• That’s quite a wide ranging question 🙂 And obviously I can’t speak for other European cultures. In the Roman case I think they did appreciate great architecture and the transition to a Christian culture was a gradual one. So those who wanted to pull down old buildings were met with resistance by those who were interested in the past. In most cases though structures which did survive like the Parthenon and Pantheon were converted into churches at least for some time. And that certainly helped them survive.

      • nektarios vourtsis

        The ancient type of Building whose already old thing in the time of late antiquity. The same thing happening with classical art. The medieval Greeks build like Romans of late antiquity, basilicas and Pantheon’s. One typical Byzantine church compounds the two types of Classical inspired buildings the tholos and ancient temple and in most cases use ancient parts in the building the spolia. But the Byzantines read and write in ancient Greek language and never neglected Plato Aristotle or Thoukithidis. The Romans had began building with brink or with combination of layers stone and brink that whose better for earthquakes and fires. Of curse the decoration was inside in the building and the Constantinople was decorated olso with ancient statues and columns that whose preciated. After the 4th Crusade the venetians stolen the treasures of Constantinople and now is in saint Mark even had taken the marmar decoration. In the first buildings of renascence the Andrea Palladio only decorates the front of the church like the lost church of Saint Apostoles in Constantinople . The Thesaloniki is perfect examples of one roman city of late antiquity. Thing the modern citys the have the old classical buildings but the rest is build with concrete. The brick is the ancient concrete. But in most cases the Byzantines imitates with brick the marmare decoration adding brick columns around the dome.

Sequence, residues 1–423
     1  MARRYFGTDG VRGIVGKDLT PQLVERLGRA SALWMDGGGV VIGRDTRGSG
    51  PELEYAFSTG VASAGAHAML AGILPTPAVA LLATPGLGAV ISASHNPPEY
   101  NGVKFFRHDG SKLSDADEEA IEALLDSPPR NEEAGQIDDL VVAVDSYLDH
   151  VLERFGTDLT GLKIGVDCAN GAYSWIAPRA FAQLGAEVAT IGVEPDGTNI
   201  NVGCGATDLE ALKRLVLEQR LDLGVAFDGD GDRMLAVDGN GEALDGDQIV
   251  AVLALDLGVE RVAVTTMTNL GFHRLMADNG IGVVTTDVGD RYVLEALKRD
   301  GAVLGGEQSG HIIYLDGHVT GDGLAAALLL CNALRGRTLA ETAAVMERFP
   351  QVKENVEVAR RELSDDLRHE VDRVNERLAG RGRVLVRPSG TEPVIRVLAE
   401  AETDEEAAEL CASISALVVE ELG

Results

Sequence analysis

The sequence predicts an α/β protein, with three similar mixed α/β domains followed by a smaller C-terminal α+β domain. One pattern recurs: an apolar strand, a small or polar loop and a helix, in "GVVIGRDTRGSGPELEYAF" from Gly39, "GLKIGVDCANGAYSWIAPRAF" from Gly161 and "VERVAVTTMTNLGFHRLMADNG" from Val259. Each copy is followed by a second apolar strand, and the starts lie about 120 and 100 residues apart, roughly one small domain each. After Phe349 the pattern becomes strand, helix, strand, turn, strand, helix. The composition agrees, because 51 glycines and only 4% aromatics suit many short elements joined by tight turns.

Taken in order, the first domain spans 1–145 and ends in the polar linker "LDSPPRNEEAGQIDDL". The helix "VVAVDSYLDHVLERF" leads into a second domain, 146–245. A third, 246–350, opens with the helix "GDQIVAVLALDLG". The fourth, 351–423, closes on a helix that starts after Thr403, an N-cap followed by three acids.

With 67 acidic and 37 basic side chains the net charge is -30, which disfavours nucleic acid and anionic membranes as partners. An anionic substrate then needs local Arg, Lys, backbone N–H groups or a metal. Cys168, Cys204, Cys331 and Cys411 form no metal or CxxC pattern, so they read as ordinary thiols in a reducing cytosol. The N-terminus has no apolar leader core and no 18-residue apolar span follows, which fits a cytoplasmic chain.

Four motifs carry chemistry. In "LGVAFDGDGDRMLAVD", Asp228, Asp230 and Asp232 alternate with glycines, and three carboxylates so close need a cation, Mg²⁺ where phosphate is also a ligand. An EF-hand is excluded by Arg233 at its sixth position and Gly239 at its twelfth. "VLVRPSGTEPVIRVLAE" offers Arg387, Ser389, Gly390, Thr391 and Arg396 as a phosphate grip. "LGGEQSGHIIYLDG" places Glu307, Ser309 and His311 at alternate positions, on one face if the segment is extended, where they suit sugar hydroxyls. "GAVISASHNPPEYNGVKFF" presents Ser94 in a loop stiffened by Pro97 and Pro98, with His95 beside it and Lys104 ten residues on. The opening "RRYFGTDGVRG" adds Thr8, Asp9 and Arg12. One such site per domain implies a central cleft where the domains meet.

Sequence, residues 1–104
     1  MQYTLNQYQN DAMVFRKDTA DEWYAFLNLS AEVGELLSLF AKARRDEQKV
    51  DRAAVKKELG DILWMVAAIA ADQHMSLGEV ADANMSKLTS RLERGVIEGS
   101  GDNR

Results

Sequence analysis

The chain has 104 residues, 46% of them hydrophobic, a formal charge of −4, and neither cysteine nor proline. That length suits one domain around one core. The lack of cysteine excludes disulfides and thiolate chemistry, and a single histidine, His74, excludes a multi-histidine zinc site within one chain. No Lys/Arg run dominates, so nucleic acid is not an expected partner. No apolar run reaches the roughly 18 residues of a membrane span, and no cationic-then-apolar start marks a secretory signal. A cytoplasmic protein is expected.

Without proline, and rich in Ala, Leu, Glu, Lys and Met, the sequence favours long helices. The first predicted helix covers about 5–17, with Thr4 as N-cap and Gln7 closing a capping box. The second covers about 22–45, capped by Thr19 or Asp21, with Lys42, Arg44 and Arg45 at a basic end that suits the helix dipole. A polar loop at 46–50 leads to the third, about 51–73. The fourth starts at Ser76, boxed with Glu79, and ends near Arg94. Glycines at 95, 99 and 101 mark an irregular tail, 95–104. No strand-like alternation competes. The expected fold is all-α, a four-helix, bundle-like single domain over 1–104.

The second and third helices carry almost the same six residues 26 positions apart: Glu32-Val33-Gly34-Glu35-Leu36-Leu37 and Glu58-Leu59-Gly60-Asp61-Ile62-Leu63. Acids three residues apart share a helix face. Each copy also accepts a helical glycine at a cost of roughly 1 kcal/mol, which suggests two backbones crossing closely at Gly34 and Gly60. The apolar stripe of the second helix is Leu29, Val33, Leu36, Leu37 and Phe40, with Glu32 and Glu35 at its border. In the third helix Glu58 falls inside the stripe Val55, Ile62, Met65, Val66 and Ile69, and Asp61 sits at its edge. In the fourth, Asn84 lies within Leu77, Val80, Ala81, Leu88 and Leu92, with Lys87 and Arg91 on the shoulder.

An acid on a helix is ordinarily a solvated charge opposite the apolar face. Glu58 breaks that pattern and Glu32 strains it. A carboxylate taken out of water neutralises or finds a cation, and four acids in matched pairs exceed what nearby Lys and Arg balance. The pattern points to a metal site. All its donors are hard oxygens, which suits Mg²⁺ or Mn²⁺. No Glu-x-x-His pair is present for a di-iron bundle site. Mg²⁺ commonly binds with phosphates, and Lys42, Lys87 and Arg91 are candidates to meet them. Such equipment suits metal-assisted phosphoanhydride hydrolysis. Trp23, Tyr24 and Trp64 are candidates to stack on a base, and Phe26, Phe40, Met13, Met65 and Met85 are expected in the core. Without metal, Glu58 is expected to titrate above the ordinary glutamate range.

4. Hi,

    Wonderful site!
    There may be an obvious answer to this, but is there a place on this site with a ‘guide’ to the episodes, in order?

    Thanks,
    Gordon

    • Good question. I haven’t yet been able to find a WordPress option to do that. Down the right hand column I have asked it to list as many past posts as possible which gives you about 40 eps. The alternative is just to use the RSS feed. See the Link under “Find the Podcast” on the right hand side. It will display nicely in Firefox and IE.

      • Perfect – thanks!

      • Ah, I was wondering about an episode index. I find that the episode date orientation of the archives to be inconvenient, as I (as usual with my podcast subscriptions) am listening in “catch up” mode, and the episode dates have little meaning for me. This was also the case with The History of Rome, and my solution to that was to come up with my own episode index, organized by the century being covered, with links into Mike Duncan’s website for each episode. See http://www.sal.wisc.edu/~jwp/thor-episode-index.html. (I have an index for his Revolutions podcast too, grouped by Revolution.)